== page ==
Aquatic Resources

(HONOLULU) – Had it been something other than a sharp fishing knife perhaps the video would have been endearing?  A Hawaiian monk seal pup named Manu‘iwa recently weaned from its mother on a Hawai‘i Island beach.  Staff from Ke Kai Ola, a hospital operated by The Marine Mammal Center at Kailua-Kona and officers from the DLNR Division of Conservation and Resources Enforcement (DOCARE) have been monitoring the pup’s health and growth. 

(HONOLULU) – Two men received citations from DLNR Division of Conservation and Resources Enforcement (DOCARE) officers on March 30th at Kahana Bay on O‘ahu’s windward coast.

LIHU‘E – Tips on how to catch more trout at Pu‘u Lua reservoir in Koke‘e will be the subject of two free evening classes being offered on April 16 and 18 on Kaua‘i, by the DLNR Division of Aquatic Resources. No registration is required.

(HONOLULU) – State and Federal agencies are tracking what is described as a very large marine debris field or net mass last spotted in the Ka Iwi Channel between Moloka‘i and O‘ahu, about 12 nautical miles south of O‘ahu. The marine debris was first reported by a fisherman last Saturday, who saw it 9.5 miles south of Koko Crater and 3.5 miles from penguin banks. The fisher described it as being two nautical miles long and containing massive amounts of nets, ropes, buoys, crates and drums.

HONOLULU --  People who sell the fish they catch in Hawaiian waters are required to have a commercial marine license (CML), whether they’re full-time fishers or “weekend warriors.”  At its December 8, 2017 meeting, the Board of Land and Natural Resources approved an increase in the annual commercial marine license fee, from $50 per year to $100.  The increase becomes effective January 16, 2018.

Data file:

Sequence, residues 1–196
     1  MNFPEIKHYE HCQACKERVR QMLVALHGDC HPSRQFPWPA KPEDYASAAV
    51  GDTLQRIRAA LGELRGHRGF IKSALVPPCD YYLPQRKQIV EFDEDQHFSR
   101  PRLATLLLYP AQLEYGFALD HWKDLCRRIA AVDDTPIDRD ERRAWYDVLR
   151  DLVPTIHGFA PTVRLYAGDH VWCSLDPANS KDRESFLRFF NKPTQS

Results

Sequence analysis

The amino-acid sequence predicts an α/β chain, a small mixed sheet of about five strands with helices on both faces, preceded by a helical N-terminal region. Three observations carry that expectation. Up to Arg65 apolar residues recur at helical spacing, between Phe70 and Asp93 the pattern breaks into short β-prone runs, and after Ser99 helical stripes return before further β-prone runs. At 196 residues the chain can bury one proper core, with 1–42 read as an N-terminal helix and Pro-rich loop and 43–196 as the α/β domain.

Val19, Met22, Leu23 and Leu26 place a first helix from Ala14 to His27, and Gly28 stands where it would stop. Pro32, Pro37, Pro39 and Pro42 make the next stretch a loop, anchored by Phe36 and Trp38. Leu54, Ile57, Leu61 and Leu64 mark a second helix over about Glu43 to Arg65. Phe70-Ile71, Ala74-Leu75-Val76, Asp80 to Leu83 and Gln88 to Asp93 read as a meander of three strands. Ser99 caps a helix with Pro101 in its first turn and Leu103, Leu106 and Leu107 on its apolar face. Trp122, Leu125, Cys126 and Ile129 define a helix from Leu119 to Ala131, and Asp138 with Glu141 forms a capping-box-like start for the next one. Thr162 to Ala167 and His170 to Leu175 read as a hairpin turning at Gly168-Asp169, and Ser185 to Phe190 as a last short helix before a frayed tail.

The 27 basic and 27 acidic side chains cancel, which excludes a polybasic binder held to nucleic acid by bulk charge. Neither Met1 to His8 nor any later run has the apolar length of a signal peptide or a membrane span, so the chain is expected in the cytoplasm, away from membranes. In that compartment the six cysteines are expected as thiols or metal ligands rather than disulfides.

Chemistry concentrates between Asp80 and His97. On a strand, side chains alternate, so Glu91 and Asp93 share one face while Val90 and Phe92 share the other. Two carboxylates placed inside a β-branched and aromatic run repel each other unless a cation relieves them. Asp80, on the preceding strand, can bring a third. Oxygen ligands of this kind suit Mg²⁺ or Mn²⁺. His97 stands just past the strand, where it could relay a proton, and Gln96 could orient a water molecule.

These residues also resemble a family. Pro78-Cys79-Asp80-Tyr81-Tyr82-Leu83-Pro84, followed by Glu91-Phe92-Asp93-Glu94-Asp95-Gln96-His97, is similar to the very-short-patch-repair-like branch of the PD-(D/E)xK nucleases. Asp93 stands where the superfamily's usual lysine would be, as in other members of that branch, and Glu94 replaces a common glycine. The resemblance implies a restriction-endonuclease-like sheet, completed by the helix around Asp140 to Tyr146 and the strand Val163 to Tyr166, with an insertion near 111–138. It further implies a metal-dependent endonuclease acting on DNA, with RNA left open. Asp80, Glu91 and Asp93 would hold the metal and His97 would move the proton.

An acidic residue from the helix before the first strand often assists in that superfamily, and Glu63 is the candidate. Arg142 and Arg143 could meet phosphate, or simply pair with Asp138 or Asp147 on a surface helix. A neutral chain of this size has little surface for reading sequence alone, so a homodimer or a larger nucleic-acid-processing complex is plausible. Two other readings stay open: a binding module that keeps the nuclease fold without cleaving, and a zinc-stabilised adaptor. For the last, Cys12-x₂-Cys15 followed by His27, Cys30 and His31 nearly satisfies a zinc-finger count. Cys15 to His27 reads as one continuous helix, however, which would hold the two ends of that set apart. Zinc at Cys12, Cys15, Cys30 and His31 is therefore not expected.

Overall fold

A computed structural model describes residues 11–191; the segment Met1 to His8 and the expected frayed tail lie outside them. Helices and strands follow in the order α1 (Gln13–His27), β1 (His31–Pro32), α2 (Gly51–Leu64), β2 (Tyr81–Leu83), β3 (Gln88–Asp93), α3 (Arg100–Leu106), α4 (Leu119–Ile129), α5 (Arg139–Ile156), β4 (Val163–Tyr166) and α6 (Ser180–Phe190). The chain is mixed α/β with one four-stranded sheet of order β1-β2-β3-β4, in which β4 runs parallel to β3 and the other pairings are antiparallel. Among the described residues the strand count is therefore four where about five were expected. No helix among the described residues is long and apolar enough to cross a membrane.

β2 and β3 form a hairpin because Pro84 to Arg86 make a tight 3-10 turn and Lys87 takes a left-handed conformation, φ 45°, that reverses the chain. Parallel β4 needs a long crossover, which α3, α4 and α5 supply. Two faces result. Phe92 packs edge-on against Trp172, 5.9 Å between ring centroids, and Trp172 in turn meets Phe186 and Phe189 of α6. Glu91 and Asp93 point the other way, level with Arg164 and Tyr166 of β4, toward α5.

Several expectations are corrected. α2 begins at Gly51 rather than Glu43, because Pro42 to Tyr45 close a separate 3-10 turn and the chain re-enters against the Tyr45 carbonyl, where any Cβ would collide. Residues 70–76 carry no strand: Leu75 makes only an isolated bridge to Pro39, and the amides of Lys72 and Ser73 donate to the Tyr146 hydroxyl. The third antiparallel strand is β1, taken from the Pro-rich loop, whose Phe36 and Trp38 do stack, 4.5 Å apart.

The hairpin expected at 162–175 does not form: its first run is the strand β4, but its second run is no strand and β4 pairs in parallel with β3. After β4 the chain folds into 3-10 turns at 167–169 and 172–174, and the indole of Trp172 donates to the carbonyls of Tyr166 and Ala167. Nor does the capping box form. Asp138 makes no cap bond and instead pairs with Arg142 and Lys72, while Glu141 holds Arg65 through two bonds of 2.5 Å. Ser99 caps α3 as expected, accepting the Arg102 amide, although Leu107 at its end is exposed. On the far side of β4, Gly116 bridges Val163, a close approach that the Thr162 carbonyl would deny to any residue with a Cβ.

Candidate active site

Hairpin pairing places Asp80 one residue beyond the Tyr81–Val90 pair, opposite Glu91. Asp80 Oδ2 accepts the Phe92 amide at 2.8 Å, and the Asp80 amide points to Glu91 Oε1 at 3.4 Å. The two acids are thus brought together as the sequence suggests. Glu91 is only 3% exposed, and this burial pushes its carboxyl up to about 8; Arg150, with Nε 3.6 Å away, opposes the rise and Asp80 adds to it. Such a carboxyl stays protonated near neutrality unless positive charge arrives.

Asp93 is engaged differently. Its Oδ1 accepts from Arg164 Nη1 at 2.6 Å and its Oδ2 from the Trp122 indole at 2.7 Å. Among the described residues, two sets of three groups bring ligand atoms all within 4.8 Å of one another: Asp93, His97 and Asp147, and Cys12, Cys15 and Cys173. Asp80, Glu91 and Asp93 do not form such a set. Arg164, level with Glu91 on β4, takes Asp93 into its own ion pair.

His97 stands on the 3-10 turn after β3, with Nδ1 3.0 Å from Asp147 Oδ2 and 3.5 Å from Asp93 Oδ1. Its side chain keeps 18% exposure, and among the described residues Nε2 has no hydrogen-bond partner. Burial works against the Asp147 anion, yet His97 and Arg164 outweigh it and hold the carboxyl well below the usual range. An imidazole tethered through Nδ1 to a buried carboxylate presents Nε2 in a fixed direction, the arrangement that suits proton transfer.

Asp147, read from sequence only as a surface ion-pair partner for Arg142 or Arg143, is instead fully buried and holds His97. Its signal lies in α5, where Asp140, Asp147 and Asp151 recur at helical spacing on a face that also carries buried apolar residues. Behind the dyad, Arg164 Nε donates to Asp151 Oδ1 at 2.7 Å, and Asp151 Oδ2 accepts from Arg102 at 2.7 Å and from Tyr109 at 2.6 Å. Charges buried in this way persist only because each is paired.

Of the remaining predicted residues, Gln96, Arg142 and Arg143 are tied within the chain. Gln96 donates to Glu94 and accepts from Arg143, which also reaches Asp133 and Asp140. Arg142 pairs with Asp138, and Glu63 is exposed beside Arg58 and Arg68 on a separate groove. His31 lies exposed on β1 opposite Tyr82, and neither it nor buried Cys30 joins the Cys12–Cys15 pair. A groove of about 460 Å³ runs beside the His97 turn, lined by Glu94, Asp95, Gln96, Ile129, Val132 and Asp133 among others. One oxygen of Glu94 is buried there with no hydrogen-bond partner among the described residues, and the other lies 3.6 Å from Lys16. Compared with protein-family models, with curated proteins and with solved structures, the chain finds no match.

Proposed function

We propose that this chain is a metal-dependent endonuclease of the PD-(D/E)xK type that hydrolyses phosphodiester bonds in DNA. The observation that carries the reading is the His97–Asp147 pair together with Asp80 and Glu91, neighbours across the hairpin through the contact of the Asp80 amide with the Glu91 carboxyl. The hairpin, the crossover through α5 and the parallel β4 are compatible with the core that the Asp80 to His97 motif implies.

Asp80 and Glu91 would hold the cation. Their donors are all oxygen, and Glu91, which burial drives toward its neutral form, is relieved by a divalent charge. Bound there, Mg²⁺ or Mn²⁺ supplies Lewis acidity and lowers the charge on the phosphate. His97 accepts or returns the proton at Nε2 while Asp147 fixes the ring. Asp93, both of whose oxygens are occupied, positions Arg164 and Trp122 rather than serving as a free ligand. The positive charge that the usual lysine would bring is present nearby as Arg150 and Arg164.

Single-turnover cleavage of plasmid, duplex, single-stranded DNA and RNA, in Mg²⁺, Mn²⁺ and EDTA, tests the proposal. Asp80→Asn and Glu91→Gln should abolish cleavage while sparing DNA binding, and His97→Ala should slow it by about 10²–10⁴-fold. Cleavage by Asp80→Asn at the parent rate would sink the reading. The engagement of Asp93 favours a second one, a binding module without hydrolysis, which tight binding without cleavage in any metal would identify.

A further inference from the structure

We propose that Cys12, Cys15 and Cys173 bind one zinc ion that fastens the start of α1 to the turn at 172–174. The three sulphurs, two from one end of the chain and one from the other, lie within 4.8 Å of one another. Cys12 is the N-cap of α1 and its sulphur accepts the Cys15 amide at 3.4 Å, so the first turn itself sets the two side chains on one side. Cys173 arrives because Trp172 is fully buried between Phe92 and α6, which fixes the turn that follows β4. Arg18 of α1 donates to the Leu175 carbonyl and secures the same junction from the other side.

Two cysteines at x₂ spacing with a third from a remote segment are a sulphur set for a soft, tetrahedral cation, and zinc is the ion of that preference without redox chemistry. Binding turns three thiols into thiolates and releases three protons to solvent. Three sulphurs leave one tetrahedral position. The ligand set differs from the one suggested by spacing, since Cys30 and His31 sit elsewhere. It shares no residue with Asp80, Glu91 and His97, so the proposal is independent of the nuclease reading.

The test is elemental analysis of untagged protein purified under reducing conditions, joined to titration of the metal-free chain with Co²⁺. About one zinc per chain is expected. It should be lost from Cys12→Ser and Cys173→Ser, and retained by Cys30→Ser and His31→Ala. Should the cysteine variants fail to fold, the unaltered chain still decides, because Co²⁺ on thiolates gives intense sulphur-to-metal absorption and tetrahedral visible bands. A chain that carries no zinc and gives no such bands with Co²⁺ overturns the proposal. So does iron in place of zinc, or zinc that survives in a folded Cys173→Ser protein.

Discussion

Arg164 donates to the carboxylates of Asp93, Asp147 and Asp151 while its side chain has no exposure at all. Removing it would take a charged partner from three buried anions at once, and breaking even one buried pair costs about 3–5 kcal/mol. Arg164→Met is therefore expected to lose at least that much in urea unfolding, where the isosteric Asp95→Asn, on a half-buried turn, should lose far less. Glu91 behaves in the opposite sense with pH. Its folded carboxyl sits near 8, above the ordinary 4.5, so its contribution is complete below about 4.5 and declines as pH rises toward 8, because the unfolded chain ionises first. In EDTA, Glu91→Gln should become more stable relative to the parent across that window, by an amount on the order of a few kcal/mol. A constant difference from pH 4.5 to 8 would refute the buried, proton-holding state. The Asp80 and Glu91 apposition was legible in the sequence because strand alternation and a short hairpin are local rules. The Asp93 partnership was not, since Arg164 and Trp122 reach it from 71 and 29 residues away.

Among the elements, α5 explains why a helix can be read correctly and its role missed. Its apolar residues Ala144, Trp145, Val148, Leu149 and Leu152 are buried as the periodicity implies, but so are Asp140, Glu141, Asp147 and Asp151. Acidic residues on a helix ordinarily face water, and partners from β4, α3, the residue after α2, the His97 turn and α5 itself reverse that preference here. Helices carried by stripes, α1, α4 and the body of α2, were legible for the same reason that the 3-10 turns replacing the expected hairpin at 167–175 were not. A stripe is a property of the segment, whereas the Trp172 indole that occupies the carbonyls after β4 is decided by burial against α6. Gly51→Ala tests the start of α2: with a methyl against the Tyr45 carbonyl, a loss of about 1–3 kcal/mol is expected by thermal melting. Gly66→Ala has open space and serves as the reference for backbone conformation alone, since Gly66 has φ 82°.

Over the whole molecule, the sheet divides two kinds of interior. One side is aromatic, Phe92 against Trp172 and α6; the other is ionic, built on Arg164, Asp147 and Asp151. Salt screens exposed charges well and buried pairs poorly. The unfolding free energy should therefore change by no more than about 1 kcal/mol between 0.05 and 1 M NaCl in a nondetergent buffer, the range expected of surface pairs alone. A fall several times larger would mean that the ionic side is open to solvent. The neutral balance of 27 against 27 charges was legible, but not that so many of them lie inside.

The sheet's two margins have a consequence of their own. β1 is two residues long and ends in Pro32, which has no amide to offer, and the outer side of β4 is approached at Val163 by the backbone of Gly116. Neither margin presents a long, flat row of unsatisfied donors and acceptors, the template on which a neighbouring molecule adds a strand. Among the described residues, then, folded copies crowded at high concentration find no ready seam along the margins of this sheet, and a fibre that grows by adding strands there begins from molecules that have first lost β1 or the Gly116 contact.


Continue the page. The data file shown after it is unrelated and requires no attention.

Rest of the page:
(Honolulu) - DLNR announced today that after applying a Hawai‘i Supreme Court ruling from last year to an existing DLNR rule, no aquatic life may be taken for commercial aquarium purposes off West Hawai‘i until an environmental review is completed.

(KANEOHE) – The carcass of a three and a half ton Humpback whale that stranded on a reef just off of Marine Corps Base Hawai‘i (MCBH), was successfully removed today. It’s believe the carcass may be the same one spotted off Haleiwa earlier in the week.  In Kaneohe Bay the carcass split into two major pieces, with the whale’s skull sticking out of the water a short distance from the main carcass.

(HONOLULU) – The carcass of a badly decomposed Humpback whale washed onto a near-shore reef at Marine Corps Base Hawai‘i (MCBH) late yesterday. There’s a good possibility this is the same carcass that was first seen off the beach at Haleiwa earlier this week – it was towed eight miles offshore by a private dive company but ocean currents may have brought it back to shore at Kaneohe.

(Haleiwa, O‘ahu) -  The badly decomposed carcass of a Humpback whale that nearly washed on shore at Haleiwa on Christmas Day, is in the process of being towed out to deep ocean waters this afternoon. A private dive company, One Ocean Diving, first towed the carcass away from Haleiwa on Sunday and today volunteered to go ahead and tow it further offshore.  Yesterday the remains were towed three miles offshore by one of the company’s boats and this afternoon, based on drift pattern modeling provided by the U.S. Coast Guard, it was towed an additional ten miles offshore, due north of Haleiwa.

(HONOLULU) – A report released today by the United States Dept. of Agriculture’s National Wildlife Research Center (NWRC) in Fort Collins, CO shows no detectable levels of the rodenticide Diphacinone in the livers of five pilot whales that died on Kaua‘i on Oct. 13, 2017 (two washed onto Kalapaki Beach and three were found floating in Nawailili Harbor).

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